Why I think a lot of horror stories suck

I don’t want to start off on a bad note here – after all, you came to this blog because you and I share similar interests – but there are a few points I want to get off my chest from the start.  Maybe you’ll agree, and maybe you won’t, but it’s a conversation worth having and, as a writer, I’m curious what people think.  I think a lot of horror books and films today blow like Old Faithful, and I’ll try to explain why.   

When I was a kid, I had a kick-ass collection of book-and-records.  Anyone else remember those?  They were comic books, accompanied by 45 rpm vinyl that you listened to while reading. As I poured over Robinson Crusoe, Davy Crockett, The Monster of Frankenstein, and Curse of the Werewolf, I listened to narration, dialogue, and sound effects playing back on the record.  I somehow convinced my parents to buy me the monster records and they made a huge impression on me, more than the others.  I can still hear the guttural snarls and tearing of fabric as a werewolf dug his way out of poor Jack Russell.  The narrator drove me from page to page, immersing me deep into classic tales of evil that kept me awake for nights on end.  I’ve thought a lot about why I loved them so much – and yes, the sensory experience of hearing the story played as I read had something to do with it, but there is more to it than that.  There was real psychological terror inhabiting those classics that’s harder to find today, and I think it comes down to the human predicament.

Frankenstein is timeless because it’s a brilliant metaphor about man’s lust for power and the guilt we all feel about crimes against ourselves.  An amazing writer named Kate Sykes once told me that monsters are scary, but what they represent inside each of us is terrifying.  That’s pretty hard to deny, and when I read contemporary horror or watch a scary flick, it’s usually on that score that I’m left feeling disappointed.  We all know the cliché, but it bears repeating again and again – the characters own the story.  If their situation isn’t relatable through the common thread of the human condition then the story doesn’t sing.  Scott Smith’s breakout novel, A Simple Plan, is a fantastic story because the characters willingly did something they knew was wrong, feeding off each other’s ideas that everything would be alright, making themselves believe there wouldn’t be consequences to their actions.  There’s no way to avoid feeling anxiety as you watch their plan spiral out of control, accelerated by mounting greed, desperation, and the complications of family relationships.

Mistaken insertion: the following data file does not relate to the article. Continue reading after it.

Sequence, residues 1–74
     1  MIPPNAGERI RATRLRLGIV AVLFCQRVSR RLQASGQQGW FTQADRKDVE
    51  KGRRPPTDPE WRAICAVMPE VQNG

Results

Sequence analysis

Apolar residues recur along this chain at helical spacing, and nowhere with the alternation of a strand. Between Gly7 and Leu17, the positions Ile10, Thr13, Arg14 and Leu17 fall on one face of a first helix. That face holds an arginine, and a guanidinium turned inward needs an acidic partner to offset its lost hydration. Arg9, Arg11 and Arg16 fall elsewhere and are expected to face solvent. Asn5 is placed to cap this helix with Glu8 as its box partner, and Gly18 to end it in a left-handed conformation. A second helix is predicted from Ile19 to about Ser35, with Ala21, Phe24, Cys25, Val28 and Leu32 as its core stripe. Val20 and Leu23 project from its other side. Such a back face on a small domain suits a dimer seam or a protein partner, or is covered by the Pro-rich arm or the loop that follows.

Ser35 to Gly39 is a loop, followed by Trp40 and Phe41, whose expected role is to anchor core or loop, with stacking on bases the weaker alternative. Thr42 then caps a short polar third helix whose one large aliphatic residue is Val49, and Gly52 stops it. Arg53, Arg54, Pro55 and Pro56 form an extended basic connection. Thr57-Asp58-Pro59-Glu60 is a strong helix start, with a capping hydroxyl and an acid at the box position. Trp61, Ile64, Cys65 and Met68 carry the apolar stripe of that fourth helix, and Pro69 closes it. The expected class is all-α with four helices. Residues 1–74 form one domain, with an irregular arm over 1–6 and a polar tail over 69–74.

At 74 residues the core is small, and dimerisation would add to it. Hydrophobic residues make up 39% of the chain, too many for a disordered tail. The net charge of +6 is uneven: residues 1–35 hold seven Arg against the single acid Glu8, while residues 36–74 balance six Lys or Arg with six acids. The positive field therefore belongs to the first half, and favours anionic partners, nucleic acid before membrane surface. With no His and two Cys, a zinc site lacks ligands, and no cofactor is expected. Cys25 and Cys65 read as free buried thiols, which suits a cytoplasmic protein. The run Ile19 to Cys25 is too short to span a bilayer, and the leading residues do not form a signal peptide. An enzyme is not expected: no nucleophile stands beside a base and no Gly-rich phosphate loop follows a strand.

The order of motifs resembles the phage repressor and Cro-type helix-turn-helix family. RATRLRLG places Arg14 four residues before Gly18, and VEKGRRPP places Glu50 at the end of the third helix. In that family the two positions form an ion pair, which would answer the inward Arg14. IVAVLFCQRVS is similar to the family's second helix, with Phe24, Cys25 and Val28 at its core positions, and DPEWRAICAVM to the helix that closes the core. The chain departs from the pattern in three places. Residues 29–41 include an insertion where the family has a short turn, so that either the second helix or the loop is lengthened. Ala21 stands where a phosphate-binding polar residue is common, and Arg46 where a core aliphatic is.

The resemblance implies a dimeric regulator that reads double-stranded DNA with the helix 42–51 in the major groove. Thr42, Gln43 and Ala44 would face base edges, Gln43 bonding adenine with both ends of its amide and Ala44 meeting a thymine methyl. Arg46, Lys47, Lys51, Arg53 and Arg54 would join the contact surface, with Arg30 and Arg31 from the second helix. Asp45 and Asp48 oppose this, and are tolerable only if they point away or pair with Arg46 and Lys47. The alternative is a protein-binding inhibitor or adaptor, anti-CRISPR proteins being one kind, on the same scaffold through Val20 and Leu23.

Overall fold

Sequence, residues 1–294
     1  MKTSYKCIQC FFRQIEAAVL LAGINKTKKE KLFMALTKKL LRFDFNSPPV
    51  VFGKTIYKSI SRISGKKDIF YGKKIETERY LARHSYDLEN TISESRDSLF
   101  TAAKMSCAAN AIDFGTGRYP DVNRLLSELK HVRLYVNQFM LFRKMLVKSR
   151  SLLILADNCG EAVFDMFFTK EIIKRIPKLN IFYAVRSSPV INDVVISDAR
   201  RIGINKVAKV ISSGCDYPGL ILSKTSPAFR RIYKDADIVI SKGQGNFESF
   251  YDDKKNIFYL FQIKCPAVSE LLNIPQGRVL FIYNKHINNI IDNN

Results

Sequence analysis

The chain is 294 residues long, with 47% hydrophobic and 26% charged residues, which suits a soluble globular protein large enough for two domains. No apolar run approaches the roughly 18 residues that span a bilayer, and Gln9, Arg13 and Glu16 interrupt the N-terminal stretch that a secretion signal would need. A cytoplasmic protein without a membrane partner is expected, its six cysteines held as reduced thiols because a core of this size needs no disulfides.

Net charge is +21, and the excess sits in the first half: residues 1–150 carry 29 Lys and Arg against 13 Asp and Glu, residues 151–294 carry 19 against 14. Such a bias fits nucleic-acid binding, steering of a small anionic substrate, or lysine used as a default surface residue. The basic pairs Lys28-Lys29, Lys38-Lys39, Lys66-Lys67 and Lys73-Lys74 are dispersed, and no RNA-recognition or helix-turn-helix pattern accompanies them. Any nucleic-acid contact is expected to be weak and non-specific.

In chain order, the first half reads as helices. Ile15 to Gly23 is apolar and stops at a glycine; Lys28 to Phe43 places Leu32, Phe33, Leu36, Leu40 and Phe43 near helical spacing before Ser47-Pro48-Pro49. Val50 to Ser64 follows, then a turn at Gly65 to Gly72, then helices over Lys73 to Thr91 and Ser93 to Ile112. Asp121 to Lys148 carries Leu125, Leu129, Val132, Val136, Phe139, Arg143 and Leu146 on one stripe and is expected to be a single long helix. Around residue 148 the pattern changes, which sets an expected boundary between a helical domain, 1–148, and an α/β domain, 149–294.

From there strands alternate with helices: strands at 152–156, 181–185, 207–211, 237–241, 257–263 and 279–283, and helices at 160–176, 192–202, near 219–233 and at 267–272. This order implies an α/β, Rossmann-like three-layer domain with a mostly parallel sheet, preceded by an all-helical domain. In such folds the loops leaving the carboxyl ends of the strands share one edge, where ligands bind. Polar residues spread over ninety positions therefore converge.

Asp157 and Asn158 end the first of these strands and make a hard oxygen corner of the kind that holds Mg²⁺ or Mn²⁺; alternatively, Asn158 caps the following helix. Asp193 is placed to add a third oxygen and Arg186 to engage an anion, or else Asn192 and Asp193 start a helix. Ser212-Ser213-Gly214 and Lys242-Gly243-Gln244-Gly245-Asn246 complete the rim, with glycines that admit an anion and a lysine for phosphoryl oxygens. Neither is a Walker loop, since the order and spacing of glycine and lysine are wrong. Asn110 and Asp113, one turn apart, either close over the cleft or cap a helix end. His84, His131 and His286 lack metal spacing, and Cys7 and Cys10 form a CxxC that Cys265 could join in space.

Smith’s novel can hardly be called horror in the conventional sense, but it scared me more than many horror novels I’ve read.  When I see my reflection in the face of the character who is driving himself off a cliff, I can feel the wind in my hair.  And I want to scream the whole way down.

Somewhere along the way many genre writers have forgotten this, the importance of creating real suspense through good characters.  That’s why I think a lot of the genre fiction (and film) sucks these days.  I’m not saying it’s all bad, of course, and maybe my tastes have evolved over the years, but when I write fiction today, I’m really striving to create some opportunity for resonance with you after the story ends.  If I didn’t leave even a slight imprint on your mind, then I’ve got work to do.

I’d be interested in your thoughts on this.  When you eat are you satisfied?  Or do you leave thinking about ordering from a different restaurant next time?  

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